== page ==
Young love

Will writes:

Hello
I’m 18 from Norway and an active reader of ROK. There is a chick I’ve been on one date with. I was going to ask her out for a second but she turned it down because she was going at a dinner party that evening. Anyways I am home alone this coming week and would like for her to come to my place for a movie and eventually bang her. One thing she is 16 and has to be home at 12 o´clock. I feel like I’ve lost a little ground by asking her out and being turned down because she simply couldn’t. So the question “how to ask a girl to hang in a way that she can’t say no, a bullet proof way to ask her to hangout, without being rejected”?
I would normally resolve these sort of minor challenges myself, but I am very curious of your opinion on this particular subject.

Extra info:

I’ve been playing aloof game for the most Maintaining pride during this one particular chase and not investing money or too much time in her. I kissed her after the first date. Yeah and most communication happens via message.

It seems from your description that she did not counter your offer with another date or time that she could meet up. Often times, this is a sign of disinterest and you are going to have an uphill battle. If she did want to see you again, she would have suggested another date when she was free. However this does not mean you should dismiss her, because you never know with women.

I would wait a minimum of a week to ask her out again. It may be the case a week has already passed since your second date invite. Your question of how to ask a girl out without her saying no is not a viable question because there is no such thing as a rejection-proof way to ask someone out. Sometimes when asking a girl out, I will not ask. I will mention what I’m doing and let them know they are welcome to join.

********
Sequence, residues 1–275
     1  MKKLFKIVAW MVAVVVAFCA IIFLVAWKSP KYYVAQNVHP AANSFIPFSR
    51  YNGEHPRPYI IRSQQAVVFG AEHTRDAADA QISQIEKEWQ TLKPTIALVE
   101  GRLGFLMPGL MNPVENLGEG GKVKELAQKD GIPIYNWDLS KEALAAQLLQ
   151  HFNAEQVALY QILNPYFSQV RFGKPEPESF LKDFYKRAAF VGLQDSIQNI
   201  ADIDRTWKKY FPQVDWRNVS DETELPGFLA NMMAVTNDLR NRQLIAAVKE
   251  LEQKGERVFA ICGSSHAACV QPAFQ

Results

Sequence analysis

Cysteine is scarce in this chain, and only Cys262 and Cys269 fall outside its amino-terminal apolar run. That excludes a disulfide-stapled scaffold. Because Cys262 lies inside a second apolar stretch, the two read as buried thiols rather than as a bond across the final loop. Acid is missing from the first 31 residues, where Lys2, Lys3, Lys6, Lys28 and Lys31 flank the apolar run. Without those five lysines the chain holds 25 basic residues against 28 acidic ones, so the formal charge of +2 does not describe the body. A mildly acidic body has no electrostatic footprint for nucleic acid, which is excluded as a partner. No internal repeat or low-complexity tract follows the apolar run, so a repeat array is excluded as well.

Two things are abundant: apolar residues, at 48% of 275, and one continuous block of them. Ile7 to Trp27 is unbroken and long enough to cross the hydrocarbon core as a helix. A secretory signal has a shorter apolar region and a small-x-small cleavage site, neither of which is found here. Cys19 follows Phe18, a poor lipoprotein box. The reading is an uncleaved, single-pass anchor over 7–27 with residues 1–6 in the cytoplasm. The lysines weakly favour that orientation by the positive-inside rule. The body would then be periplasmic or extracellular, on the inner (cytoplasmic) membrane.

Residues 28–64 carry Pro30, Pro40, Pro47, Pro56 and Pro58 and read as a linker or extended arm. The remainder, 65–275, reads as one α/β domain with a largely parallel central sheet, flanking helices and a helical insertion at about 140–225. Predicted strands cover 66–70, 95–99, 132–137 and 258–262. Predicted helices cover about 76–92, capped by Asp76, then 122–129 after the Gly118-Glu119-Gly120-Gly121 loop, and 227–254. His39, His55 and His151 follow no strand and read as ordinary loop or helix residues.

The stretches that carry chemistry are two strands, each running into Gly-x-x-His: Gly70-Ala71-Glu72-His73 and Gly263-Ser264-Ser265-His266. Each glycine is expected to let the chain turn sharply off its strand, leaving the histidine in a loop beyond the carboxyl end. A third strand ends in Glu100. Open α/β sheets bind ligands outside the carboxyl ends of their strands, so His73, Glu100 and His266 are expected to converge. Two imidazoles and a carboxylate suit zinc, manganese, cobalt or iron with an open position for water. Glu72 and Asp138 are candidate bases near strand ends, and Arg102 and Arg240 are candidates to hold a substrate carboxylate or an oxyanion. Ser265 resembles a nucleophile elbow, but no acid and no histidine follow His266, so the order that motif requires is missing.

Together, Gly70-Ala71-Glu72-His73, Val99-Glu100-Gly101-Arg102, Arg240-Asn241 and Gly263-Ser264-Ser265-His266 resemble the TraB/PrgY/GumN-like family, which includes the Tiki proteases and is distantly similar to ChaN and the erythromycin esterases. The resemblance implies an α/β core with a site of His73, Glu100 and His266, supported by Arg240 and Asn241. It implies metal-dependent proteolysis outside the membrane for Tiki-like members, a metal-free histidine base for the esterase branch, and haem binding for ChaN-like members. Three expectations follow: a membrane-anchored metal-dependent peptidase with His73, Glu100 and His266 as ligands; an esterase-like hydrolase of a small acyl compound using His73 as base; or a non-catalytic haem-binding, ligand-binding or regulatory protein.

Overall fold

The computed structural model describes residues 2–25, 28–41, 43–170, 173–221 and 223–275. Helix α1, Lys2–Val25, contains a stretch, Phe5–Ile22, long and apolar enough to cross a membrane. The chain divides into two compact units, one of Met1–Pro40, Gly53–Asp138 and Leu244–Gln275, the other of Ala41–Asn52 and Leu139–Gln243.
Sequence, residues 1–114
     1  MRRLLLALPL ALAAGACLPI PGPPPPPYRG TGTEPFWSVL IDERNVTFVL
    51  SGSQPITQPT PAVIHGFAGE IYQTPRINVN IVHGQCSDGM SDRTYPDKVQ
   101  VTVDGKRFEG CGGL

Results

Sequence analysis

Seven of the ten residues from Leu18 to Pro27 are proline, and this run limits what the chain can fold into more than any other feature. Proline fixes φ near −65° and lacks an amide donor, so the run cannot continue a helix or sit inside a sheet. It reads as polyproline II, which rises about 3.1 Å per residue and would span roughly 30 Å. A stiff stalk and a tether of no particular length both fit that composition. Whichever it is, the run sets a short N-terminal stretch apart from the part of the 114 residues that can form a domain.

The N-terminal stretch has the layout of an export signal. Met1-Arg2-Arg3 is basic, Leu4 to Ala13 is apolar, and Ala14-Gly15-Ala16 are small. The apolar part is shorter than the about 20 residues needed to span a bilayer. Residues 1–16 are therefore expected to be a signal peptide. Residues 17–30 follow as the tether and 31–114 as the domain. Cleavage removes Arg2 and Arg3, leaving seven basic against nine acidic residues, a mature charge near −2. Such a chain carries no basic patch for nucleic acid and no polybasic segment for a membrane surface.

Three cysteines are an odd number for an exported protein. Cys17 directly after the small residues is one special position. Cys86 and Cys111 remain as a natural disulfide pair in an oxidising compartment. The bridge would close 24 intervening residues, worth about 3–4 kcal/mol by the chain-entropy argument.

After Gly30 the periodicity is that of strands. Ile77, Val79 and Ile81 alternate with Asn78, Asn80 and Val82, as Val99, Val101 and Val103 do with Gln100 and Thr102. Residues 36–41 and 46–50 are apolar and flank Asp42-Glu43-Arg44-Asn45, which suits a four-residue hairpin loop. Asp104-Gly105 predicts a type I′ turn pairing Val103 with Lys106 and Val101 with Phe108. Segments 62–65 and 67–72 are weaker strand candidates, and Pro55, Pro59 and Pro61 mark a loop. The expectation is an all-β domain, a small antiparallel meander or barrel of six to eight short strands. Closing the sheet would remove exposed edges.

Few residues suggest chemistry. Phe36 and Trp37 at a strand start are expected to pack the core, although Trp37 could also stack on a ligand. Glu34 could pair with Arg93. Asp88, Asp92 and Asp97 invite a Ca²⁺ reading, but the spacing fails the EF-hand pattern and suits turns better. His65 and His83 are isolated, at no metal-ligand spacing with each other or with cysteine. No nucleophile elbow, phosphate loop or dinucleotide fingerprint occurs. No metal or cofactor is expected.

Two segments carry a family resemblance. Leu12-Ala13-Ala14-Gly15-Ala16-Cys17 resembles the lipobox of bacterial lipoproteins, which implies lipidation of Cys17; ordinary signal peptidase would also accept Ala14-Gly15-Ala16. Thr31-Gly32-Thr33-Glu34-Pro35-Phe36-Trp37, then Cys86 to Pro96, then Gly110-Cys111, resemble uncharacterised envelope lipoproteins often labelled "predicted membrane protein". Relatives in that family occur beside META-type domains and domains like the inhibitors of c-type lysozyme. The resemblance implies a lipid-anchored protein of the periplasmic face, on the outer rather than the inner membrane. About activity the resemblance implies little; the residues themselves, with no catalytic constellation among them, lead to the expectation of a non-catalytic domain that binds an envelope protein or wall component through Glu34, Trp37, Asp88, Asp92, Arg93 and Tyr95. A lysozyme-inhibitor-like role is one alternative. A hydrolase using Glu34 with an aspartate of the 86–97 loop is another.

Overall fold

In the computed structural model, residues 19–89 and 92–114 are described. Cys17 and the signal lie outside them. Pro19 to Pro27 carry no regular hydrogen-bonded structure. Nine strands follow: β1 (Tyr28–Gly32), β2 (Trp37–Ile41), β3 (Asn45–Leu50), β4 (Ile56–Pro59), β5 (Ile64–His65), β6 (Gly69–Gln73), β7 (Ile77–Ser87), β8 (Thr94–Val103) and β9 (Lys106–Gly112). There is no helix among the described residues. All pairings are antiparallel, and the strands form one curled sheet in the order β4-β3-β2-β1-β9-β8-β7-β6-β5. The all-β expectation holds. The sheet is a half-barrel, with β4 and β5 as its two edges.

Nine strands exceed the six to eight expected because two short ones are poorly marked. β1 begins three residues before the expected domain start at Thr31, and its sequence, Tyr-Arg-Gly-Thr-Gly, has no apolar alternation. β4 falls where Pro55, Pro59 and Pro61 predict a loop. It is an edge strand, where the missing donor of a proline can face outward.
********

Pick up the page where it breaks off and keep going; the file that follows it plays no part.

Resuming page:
In your case, you can text her and say something along the lines of “Have some wine here and going to watch a movie, let me know if you want to join.” Obviously tailored to both your style, situation (maybe she doesn’t drink and smokes weed instead) and the way you have been communicating so far. If she wants to come, she will say ok. If she gives you an excuse and does NOT provide an alternate date, you can let it go. If she does give you an alternate date, then you can go from there.

Don’t overthink it. If she doesn’t work out just remember there is an endless supply of girls out there. And make sure to check your age of consent laws.

– Law Dogger

The college dilemma

ThePrince writes:

ROK, I’m a senior in high school. I have the grades and test scores to potentially go to a few Universities with an excellent reputation, but I’m also applying to several State schools with good financial aid. My parents think the reputation of those private schools is worth the 20k+ difference in cost a year, but I’m not convinced that the more expensive choices are worth it in obtaining a STEM degree. I desperately need a masculine perspective on University. Does ROK think I should sacrifice reputation for cheap cost? I know that I need a STEM degree to make college worth it, but what kind of STEM degree do I need to become location-independent? Engineering? Computer Science?

Any advice you can offer about University, college life, or applying to schools would be greatly appreciated. I really want to succeed, but I don’t know how, or who to ask for advice. Thank you in advance!